Geology Rocks! | NewsDepth: Spot on Science

(upbeat music) – Ever get a pebble stuck in your shoe? It can be annoying for sure. But even the smallest rocks
can teach us a big lesson. To learn a little more,
I invited Kevin McGee, President of the Cleveland
Geological Society, to rock it out in the studio. I started by asking him,
what exactly is geology? – So geology. Geology is technically the study of rocks, but I really look at it as the
study of the earth’s history. The rocks when they were laid down, the minerals were deposited, the world was very
different then it was now. And they can tell us a lot
about what the earth looked like when those rocks were
put down on the surface. – Neat, so you brought
in a lot of Ohio rocks. So if we look at them
like clues we can find out some more about Ohio’s history. – We can, we can tell what
Ohio was like two, three, four hundred million years ago. – [Margaret] Awesome,
well let’s get digging. – Okay, so we have sandstone. This is Berea Sandstone from
just south of Cleveland. Berea, Ohio. And at the time when
this rock was laid down, we were a river delta
with the division between the ocean and the land,
we’re right on the edge. And big rivers were carrying
eroded rock from big mountains that no longer exist in
Canada to the north, down here and deposited it as its
rivers went into the ocean. And then, this right here is coal. And the coal was deposited
when we were more inland. We were swamps. And again, south of the
equator, 300 million years ago, and it’s all ferns and trees
that don’t exist today. All dead and compacted and forming coal. And then we have salt here. Salt was laid down in the Silurian about 425 million years ago. And the salt was from this
area being an ocean and then being dried up and then an
ocean and then drying up and then an ocean. And we just got layer upon
layer upon layer of salt. And some of it is light colored,
some of it is dark colored depending on the minerals that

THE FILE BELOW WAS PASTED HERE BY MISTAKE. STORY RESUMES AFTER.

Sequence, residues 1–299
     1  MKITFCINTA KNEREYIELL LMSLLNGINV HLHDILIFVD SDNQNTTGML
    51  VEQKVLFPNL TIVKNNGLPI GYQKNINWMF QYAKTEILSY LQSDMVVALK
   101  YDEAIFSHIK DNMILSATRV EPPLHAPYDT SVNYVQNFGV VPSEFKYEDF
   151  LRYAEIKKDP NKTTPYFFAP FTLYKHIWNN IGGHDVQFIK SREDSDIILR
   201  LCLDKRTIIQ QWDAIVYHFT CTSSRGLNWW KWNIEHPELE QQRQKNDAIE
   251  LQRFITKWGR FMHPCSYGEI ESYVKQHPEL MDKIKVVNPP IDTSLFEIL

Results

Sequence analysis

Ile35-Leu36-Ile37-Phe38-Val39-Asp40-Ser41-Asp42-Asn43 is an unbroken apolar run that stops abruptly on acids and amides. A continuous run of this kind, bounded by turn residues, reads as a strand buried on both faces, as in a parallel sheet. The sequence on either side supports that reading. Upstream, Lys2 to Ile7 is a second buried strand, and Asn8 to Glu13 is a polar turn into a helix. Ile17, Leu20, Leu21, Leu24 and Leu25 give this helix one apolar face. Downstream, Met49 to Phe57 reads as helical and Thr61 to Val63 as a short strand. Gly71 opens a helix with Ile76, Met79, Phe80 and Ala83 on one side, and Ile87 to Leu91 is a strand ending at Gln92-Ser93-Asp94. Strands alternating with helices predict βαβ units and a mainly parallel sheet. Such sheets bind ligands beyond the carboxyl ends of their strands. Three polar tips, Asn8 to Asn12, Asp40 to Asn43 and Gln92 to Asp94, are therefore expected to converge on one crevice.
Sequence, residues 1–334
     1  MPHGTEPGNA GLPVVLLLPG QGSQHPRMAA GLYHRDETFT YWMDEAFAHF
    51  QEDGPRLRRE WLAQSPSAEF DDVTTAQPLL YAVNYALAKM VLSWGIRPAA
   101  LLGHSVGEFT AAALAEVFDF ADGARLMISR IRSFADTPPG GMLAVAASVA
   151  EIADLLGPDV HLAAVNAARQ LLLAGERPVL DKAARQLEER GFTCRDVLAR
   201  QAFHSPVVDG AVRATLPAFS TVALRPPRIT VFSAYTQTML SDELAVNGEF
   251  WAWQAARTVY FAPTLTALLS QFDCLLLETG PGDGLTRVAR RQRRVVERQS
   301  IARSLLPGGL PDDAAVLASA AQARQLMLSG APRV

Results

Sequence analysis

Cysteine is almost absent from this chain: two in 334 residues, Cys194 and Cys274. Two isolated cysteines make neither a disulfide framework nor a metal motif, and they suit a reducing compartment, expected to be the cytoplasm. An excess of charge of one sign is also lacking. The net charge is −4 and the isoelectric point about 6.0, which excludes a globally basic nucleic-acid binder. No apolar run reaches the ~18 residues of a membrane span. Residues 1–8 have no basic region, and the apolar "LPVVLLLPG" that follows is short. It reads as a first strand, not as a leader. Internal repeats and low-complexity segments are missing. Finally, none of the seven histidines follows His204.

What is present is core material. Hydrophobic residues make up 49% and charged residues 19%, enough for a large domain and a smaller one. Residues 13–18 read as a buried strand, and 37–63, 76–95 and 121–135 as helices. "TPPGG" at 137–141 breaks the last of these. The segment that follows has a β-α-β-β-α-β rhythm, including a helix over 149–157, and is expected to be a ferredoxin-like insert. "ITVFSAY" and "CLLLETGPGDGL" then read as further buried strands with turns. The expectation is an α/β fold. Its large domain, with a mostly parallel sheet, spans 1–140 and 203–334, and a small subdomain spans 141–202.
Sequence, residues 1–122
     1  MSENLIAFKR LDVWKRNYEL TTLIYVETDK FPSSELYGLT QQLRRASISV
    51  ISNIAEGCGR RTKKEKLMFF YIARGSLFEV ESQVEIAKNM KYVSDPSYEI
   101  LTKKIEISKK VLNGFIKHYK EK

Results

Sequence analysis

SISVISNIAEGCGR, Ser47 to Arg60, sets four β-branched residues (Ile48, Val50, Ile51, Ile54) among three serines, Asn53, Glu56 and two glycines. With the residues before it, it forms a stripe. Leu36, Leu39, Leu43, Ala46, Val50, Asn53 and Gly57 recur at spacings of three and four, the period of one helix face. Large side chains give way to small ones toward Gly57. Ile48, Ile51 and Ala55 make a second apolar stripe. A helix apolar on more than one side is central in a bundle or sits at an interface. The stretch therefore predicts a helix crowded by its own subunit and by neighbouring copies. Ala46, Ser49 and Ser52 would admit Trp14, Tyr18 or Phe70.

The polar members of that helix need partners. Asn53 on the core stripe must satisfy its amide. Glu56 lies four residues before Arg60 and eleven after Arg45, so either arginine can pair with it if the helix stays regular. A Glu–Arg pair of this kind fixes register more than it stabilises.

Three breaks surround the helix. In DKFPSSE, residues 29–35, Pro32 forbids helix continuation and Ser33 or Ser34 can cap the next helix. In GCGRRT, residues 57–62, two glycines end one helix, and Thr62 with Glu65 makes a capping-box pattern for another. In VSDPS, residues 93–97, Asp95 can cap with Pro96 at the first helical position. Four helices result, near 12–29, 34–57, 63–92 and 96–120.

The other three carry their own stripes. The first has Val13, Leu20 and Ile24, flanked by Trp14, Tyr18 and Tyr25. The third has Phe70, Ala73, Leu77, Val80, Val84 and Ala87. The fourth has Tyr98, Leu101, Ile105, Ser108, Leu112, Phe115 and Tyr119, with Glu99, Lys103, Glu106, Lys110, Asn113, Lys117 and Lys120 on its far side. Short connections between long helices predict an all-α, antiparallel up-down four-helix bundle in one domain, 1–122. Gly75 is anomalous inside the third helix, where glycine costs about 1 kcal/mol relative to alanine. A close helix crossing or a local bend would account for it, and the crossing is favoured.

were in the water when the salt evaporated, or the water evaporated. – [Margaret] And so this
isn’t the kind of salt I can put on my french fries? – [Kevin] No, I don’t recommend putting it on your french fries. It’s not the type of salt you eat. But it’s very similar related and it’s wonderful for road salt. – [Margaret] A lot of the
salt that we see in the winter time getting spread on the roads, is from right here in Ohio. – [Kevin] That’s where it comes from. 2000 feet under Lake Erie, in Cleveland. – Neat, what about this next guy? – So that is world famous Cleveland shale. It’s a very black flakey rock
and it tells us the world back then was under three or
400 foot of ocean at least, in your Ohio. And it was interesting
because it was a stagnant sea. There was no oxygen on
the bottom of the sea. And nothing could live there
and it forms a very dark rock when it does that. But we know that there was
life in the upper waters because large fish like
Dunkleosteus, the big armored fish, when it died would drift
to the bottom of the sea and get buried and fossilized. And so we know that there
were animals living in the upper waters but in the
lower waters it was just all black salty rotten stuff
that eventually became rock. – Oh wow, and how about this
one ’cause this guys got some interesting kind of sea shells on it. – It does, yeah this is limestone. 400 to 450 millions years old. And it actually has all sorts
of little creatures in it. Some you can’t even see. Little diatoms, things
that live in the water. When they die they drift to
the bottom, they formalin mud and then within that there’s
also corals and shells and things like that. And they all eventually get
turned into rock, together. – And what do some of these
rocks get used for today? – So limestone you see a
lot on graveled driveways, on break walls along the lake front. For the sandstone, it was
used a lot in the past for grindstones and also for buildings. You would see it in building materials and even making curbs, they
used it for curbs as well. – And then, what about the shale? What is that used for? – There really is nothing
that shale is used for. It’s just too flakey and too
soft and so it just sits there. Nobody uses it for anything. – Well we can use it for
figuring out more about Ohio, so it’s great.
– You know, it does. – Awesome, well thank you
so much for coming in. It’s been really interesting. – Thank you, my pleasure. (upbeat music)